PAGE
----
All change by the river as Second Floor Arts becomes Thames-Side Studios

Second Floor Arts open studios

Second Floor Studios & Arts, the thriving art community on the Charlton/Woolwich border, is now operating under a new identity, with its two directors moving onto a new project in Deptford.

Since opening in 2010, Second Floor has grown to become London’s largest affordable studio space project for artists and makers, with 450 members. Its twice-yearly Open Studios weekends are a highlight of the local calendar.

Now the Warspite Road outfit has been renamed Thames-Side Studios after directors Matthew Wood and Nichole Herbert Wood took out a lease on 75 new studios in the under-construction Deptford Foundry development in Arklow Road, close to the railway junction between Deptford and New Cross stations. The Second Floor name is moving with them, along with the No Format gallery name.

Thames-Side Studios is now in the hands of the building’s freeholder, which says on its website it is “committed to the continuing provision” of spaces for artists. With work on extending the Thames Path past the studios’ front door due to be completed by spring 2017, there’s potential for the site to get even more popular- particularly if the Open Studios weekends continue.

While the whole riverside area is scheduled for redevelopment in the coming years, Greenwich Council has signalled that it wants to see the buildings kept and used by creative industries.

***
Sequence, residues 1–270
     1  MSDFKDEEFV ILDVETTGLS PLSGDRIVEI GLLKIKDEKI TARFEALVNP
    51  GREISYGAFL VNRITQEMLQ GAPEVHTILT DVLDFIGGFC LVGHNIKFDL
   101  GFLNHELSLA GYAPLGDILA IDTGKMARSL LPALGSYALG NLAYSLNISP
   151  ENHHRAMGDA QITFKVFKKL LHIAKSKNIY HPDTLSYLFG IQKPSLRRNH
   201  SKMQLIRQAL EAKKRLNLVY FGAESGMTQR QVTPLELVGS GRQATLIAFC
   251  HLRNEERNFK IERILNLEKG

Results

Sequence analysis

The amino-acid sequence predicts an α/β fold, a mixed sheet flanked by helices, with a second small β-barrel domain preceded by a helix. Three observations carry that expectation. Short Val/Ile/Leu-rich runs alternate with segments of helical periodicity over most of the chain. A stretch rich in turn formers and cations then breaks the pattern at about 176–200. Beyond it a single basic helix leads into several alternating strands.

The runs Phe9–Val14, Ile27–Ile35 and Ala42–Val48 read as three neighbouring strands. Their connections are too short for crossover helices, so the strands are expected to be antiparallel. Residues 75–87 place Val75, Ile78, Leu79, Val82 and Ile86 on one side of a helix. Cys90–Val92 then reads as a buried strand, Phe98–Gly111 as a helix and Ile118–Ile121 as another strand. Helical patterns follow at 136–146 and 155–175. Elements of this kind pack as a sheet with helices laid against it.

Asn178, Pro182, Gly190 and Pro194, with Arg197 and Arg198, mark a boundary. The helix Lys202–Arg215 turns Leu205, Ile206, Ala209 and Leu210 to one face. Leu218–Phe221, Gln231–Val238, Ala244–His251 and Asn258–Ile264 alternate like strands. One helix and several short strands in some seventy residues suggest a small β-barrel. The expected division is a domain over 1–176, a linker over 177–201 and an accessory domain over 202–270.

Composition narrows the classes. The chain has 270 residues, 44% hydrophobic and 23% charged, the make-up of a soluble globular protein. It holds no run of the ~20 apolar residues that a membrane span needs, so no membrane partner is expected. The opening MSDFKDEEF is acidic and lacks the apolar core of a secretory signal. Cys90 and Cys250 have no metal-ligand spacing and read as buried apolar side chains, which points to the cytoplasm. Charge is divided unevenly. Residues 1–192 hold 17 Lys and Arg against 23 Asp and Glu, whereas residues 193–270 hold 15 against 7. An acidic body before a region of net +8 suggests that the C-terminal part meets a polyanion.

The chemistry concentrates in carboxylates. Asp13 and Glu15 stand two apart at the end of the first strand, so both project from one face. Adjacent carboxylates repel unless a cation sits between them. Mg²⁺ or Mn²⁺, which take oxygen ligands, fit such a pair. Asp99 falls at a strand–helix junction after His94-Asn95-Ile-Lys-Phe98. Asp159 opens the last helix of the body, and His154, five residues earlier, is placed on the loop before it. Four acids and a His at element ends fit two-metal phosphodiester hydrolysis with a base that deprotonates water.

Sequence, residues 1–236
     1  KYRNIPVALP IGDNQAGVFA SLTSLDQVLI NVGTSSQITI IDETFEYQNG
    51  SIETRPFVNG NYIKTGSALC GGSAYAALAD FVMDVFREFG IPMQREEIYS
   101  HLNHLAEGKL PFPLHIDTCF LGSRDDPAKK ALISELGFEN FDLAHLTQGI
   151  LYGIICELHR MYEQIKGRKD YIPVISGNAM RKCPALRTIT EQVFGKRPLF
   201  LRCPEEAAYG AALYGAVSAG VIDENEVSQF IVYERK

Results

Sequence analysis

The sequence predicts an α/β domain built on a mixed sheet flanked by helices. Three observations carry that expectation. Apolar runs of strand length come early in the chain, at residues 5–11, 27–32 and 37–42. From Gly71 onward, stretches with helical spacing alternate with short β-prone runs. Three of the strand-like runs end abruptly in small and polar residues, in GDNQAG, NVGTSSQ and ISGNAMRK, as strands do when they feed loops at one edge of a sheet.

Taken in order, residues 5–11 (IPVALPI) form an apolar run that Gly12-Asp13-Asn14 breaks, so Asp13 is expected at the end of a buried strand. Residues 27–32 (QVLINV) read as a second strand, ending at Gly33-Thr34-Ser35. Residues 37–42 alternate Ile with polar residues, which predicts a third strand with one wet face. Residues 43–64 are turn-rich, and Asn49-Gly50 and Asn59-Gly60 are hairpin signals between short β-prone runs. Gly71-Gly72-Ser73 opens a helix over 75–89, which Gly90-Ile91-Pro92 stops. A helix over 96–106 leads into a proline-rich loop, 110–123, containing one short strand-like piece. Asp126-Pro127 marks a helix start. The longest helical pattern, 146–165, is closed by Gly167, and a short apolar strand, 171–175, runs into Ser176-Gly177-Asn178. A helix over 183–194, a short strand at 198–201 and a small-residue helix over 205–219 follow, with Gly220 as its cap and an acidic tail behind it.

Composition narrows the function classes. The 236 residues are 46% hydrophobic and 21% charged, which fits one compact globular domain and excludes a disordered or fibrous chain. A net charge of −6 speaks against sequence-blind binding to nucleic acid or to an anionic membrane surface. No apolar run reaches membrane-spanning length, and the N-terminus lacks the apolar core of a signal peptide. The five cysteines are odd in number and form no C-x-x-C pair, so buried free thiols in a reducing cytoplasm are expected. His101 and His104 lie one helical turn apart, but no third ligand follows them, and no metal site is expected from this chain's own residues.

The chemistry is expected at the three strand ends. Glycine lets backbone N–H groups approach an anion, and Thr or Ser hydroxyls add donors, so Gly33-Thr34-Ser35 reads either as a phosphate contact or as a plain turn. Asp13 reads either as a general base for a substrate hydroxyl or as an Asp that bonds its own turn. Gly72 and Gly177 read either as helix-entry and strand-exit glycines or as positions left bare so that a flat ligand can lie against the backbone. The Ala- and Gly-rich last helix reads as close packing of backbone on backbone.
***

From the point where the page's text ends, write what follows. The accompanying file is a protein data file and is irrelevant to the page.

While they’ll still be based reasonably locally, the Second Floor team will be a hard act to follow. With grandiose plans under way for a “creative quarter” in the Royal Arsenal development, their departure across the Lewisham border is a big loss to Greenwich borough as a whole.

Cuts U-turn: Maryon Wilson Animal Park finally set to stay in council hands

Maryon Wilson Park

Greenwich Council is set to keep control of Maryon Wilson Animal Park, finally abandoning plans to spin the centre off into a charitable trust and ending five years of uncertainty about its future.

The council first announced plans to scrap the park’s budget in December 2010, with a view to looking for sponsorship.

After widespread protests, the council agreed to hand over management to a trust, Maryon Wilson Animal Park Ltd (MWAP) which would raise funds and operate the park.

But the trust has struggled to raise the funds needed to take on the park – believed to be about £100,000 per year. Last year, the Friends of Maryon and Maryon Wilson Parks published published an open letter to council leader Denise Hyland asking for her to reconsider the decision to spin the centre off, made by her predecessor Chris Roberts.

While the council has deleted £42,350 – the cost of a stockman, vet fees and animal feed – from its parks budget, it has continued to run the park in the meantime, with last year’s running costs put at £70,000.

Now, if the council’s cabinet agrees on Wednesday, it will keep control of the park, and MWAP will become a Friends group, raising money and supplying volunteers – just as it proposed in last year’s open letter.

The council says it will hold a “complete review of revenue and capital expenditure” on the site and look to “reduce costs incrementally”.